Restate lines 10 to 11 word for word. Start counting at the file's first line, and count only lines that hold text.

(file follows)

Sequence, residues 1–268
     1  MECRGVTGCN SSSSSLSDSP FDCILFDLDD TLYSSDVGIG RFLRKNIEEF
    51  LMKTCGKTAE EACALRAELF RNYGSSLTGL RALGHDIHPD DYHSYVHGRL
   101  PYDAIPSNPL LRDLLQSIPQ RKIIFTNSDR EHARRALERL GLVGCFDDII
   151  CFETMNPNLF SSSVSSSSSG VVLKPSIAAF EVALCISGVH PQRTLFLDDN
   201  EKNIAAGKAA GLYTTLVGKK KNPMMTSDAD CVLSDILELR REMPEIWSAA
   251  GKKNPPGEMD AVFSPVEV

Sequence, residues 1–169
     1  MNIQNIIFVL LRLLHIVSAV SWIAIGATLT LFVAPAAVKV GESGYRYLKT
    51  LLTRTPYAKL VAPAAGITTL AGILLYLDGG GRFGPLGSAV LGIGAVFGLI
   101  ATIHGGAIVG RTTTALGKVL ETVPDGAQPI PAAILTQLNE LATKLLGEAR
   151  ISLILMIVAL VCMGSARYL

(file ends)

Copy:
    51  LLTRTPYAKL VAPAAGITTL AGILLYLDGG GRFGPLGSAV LGIGAVFGLI
   101  ATIHGGAIVG RTTTALGKVL ETVPDGAQPI PAAILTQLNE LATKLLGEAR